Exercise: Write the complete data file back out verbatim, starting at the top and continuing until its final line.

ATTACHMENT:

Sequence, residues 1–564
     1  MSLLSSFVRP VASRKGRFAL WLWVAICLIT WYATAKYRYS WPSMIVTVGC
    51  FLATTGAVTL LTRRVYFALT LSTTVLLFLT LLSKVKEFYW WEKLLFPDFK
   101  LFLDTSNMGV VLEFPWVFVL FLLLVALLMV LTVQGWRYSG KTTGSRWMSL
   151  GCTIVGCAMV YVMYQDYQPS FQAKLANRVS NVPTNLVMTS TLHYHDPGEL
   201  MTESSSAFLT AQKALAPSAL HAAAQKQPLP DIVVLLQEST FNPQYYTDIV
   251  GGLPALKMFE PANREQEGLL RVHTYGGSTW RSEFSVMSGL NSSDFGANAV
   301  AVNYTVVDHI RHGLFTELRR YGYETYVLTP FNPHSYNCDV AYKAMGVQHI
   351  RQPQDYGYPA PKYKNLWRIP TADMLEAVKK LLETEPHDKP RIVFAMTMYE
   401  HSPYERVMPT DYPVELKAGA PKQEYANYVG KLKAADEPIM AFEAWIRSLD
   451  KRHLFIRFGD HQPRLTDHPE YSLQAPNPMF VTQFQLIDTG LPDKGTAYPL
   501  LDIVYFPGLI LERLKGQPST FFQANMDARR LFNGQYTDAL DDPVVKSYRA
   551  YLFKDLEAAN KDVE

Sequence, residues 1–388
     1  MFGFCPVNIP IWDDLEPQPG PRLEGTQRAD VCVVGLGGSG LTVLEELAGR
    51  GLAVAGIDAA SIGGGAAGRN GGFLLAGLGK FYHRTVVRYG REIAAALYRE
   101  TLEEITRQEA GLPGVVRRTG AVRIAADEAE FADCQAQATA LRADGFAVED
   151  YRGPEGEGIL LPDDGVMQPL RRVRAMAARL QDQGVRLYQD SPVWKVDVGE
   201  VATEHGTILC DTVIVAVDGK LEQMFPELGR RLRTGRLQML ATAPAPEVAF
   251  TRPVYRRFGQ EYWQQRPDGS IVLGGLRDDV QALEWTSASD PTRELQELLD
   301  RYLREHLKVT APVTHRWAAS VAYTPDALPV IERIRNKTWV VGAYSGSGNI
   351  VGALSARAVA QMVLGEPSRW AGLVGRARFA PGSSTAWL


Sequence, residues 1–564
     1  MSLLSSFVRP VASRKGRFAL WLWVAICLIT WYATAKYRYS WPSMIVTVGC
    51  FLATTGAVTL LTRRVYFALT LSTTVLLFLT LLSKVKEFYW WEKLLFPDFK
   101  LFLDTSNMGV VLEFPWVFVL FLLLVALLMV LTVQGWRYSG KTTGSRWMSL
   151  GCTIVGCAMV YVMYQDYQPS FQAKLANRVS NVPTNLVMTS TLHYHDPGEL
   201  MTESSSAFLT AQKALAPSAL HAAAQKQPLP DIVVLLQEST FNPQYYTDIV
   251  GGLPALKMFE PANREQEGLL RVHTYGGSTW RSEFSVMSGL NSSDFGANAV
   301  AVNYTVVDHI RHGLFTELRR YGYETYVLTP FNPHSYNCDV AYKAMGVQHI
   351  RQPQDYGYPA PKYKNLWRIP TADMLEAVKK LLETEPHDKP RIVFAMTMYE
   401  HSPYERVMPT DYPVELKAGA PKQEYANYVG KLKAADEPIM AFEAWIRSLD
   451  KRHLFIRFGD HQPRLTDHPE YSLQAPNPMF VTQFQLIDTG LPDKGTAYPL
   501  LDIVYFPGLI LERLKGQPST FFQANMDARR LFNGQYTDAL DDPVVKSYRA
   551  YLFKDLEAAN KDVE

Sequence, residues 1–388
     1  MFGFCPVNIP IWDDLEPQPG PRLEGTQRAD VCVVGLGGSG LTVLEELAGR
    51  GLAVAGIDAA SIGGGAAGRN GGFLLAGLGK FYHRTVVRYG REIAAALYRE
   101  TLEEITRQEA GLPGVVRRTG AVRIAADEAE FADCQAQATA LRADGFAVED
   151  YRGPEGEGIL LPDDGVMQPL RRVRAMAARL QDQGVRLYQD SPVWKVDVGE
   201  VATEHGTILC DTVIVAVDGK LEQMFPELGR RLRTGRLQML ATAPAPEVAF
   251  TRPVYRRFGQ EYWQQRPDGS IVLGGLRDDV QALEWTSASD PTRELQELLD
   301  RYLREHLKVT APVTHRWAAS VAYTPDALPV IERIRNKTWV VGAYSGSGNI
   351  VGALSARAVA QMVLGEPSRW AGLVGRARFA PGSSTAWL